College senior E.N. Harris didn't know about the family heirloom pocket watch until he found it in a box of stuff from before his parents died. Inside the lid of the watch box, is a note signed with just the letter N, piquing the genius' curiosity. When a false back falls off the watch revealing a cryptic clue, curiosity becomes obsession, and the hunt is on. The journey takes him to relatives he knew nothing about and a pedigree that answers many questions while asking many more.
Transfer college junior Calla Rose is trying to fit in. It's not going well. But when her Guiding Eyes for the Blind puppy runs across the quad and into the arms of E.N. Harris, the smartest and best-looking guy on campus, fitting in becomes essential.
E.N. has never met a woman as challenging and engaging as Calla, someone not intimidated by his intelligence. He invites her and her puppy to help him learn the identity of the mysterious N. and discover the meaning of the clue from the watch. As they get closer to the truth, rich man's minion and a government opportunist are nipping at their heels.
What E.N. and Calla find, will rewrite the history books and hurl science in a new direction, if they can stay ahead of danger.
© copyright 2018 Patricia Otto
He dug into the front pocket of his jeans to pull out the watch. The ticking was soft but full. Calla’s father had polished the thing until you needed Ray-Bans. The three filigree hands stood out against the iridescent pearl-like face. The numbers were raised black numerals outlined with dark brown.
In the numeral three, he noticed the two spaces between the “I”s were not quite the same. It was easy to overlook, but it was there. He shot up from the bed to go to his desk. He found the tiny screwdriver in his eyeglass repair kit. E.N. was pretty much blind, so he always had glasses as backup for his contacts. And a repair kit for the glasses should a truly dire situation arise.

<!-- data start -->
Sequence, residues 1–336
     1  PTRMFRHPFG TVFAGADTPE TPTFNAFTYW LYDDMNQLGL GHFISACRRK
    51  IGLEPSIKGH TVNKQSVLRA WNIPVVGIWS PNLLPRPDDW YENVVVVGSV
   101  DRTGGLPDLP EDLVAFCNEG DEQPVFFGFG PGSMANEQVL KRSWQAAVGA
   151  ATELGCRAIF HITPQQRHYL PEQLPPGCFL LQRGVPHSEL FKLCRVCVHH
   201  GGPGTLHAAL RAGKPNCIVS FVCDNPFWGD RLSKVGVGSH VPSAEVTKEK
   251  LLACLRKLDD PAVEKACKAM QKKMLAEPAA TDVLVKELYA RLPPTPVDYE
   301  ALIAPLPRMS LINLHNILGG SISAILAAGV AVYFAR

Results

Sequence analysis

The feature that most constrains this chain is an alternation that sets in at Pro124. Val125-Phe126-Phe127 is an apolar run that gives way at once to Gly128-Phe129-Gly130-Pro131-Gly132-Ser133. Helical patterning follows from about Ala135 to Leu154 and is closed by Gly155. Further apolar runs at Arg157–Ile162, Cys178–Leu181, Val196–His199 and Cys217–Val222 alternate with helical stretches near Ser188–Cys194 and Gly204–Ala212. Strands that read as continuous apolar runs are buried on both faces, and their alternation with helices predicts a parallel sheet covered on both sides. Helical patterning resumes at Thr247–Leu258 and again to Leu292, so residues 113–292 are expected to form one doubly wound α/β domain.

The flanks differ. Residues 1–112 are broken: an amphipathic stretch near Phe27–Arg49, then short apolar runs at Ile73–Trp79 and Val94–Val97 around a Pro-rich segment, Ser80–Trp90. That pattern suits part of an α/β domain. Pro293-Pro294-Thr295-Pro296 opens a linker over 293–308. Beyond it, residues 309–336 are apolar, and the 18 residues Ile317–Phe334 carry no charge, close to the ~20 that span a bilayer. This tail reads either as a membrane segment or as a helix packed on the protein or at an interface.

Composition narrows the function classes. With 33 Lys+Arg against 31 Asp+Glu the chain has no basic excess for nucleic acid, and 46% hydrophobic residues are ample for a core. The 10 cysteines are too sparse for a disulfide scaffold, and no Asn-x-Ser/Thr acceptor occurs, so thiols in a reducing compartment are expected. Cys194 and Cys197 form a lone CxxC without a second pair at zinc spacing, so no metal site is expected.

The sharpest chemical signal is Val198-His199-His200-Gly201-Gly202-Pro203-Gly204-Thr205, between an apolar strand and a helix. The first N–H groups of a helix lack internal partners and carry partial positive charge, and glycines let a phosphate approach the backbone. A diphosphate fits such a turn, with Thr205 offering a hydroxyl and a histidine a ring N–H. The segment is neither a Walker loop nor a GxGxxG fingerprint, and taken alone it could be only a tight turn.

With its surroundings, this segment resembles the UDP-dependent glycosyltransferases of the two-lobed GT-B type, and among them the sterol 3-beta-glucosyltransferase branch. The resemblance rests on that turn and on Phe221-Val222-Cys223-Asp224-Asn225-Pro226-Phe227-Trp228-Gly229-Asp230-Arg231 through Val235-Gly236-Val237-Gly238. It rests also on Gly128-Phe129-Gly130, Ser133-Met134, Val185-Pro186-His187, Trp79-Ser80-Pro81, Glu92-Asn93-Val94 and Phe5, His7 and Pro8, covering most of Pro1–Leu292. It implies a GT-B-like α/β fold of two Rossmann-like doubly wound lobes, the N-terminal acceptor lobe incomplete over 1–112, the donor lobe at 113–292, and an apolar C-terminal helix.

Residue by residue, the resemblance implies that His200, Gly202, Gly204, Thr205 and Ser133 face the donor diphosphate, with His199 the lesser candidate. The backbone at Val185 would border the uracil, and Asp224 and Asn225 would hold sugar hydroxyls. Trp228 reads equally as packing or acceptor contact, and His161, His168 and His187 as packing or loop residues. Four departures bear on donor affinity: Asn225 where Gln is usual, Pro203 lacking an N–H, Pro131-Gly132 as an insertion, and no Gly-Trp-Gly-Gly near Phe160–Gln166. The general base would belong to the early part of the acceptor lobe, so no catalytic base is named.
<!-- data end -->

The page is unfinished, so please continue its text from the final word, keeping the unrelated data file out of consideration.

He used the screwdriver to pop off the crystal covering the face.
“Hey man,” Rob said coming through the doorway, “how was your trip?” He flopped down on his bed.
“Very interesting.” E.N. gave Rob some of the details of the day.
“You’re a Gypsy? No shit. You know I wondered about your palm reading on the quad and your overabundance of gold neck chains.”
E.N. looked up from the watch. “Haha, jerk.”
Rob laughed. “Is that your watch you’re messing with?”
“Yeah. I noticed what I think is a pinpoint just to the right of the middle numeral of the three. It’s almost part of the side of that middle numeral.” Rob came over to the desk. E.N. held the watch under the lamplight. “Do you see it?”
Rob was silent for a moment. “I think so. Is it a hole?”
“A damned small one.”
“The screwdriver is too big. How about a paperclip?”
E.N. tried the clip, but it was too big. “We need a safety pin.”
They dug around in their desks and dressers. “Wait,” Rob said, pulling out an old pair of jeans. “I have one on the pocket.” He handed it to E.N.
Rob steadied the watch to get the best light. E.N. slowly pushed the point of the pin into the hole.
Rob adjusted the gooseneck lamp. “Too big?”
“No. It’s a tight fit though.” He turned the pin a bit to advance it deeper. “I don’t want to break anything—”
The back fell into the palm of E.N.’s hand. But it wasn’t the back that exposed the mechanism. It was a shallow false back.
“A hidden compartment?” Rob chuckled. “No shit. What’s in there? I hope it’s a million-dollar bill.”
“There is no million-dollar denomination.”
“It was a joke.”
E.N. turned over the watch. A white piece of paper was crammed in the space. He pulled it out then laid it on the desk.
“Probably not. Probably not redeemable even if it was.” E.N. unfolded the first fold.
“Not big enough.” E.N. opened the paper.
Rob poked his head into E.N.’s field of vision. “What is it? What do you see?”
“You mean other than your big head?”
The paper was yellowed with age otherwise it looked in good shape. E.N. gently flattened the paper revealing several lines of numbers.
Rob cursed. “Numbers. That’s it?”
“It’s not Pi. What the hell is it?”
E.N. rested his chin in his hand. “Not Pi. Not a coded message.” E.N. committed the sequence to memory then stretched out again on his bed.
Rob sat in the desk chair. “Maybe it’s an equation.”
“Equations have symbols.”
“Maybe you have to put in the plus sign or the equal sign.”
“How would you know where to put them? Or which ones to use.”
“Give me a break. I’m brainstorming here.” Rob frowned. “Maybe there’s an app for that.”
They went back and forth until they agreed that hunger was interfering with brain function. Another round of debate ensued before they decided on pizza from Mama Nina’s. Over a large meat-lovers pie, they came up with scenario after explanation for the numbers and any possible relevance. E.N. kept the “I-am-possibly-a-descendent-of-Nikola-Tesla” info to himself.